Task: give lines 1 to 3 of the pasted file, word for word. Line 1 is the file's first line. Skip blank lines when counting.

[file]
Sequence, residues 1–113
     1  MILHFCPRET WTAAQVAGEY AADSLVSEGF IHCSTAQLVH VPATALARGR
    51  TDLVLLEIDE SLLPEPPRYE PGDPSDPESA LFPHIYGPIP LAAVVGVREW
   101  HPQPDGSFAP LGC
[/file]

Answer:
Sequence, residues 1–113
     1  MILHFCPRET WTAAQVAGEY AADSLVSEGF IHCSTAQLVH VPATALARGR
    51  TDLVLLEIDE SLLPEPPRYE PGDPSDPESA LFPHIYGPIP LAAVVGVREW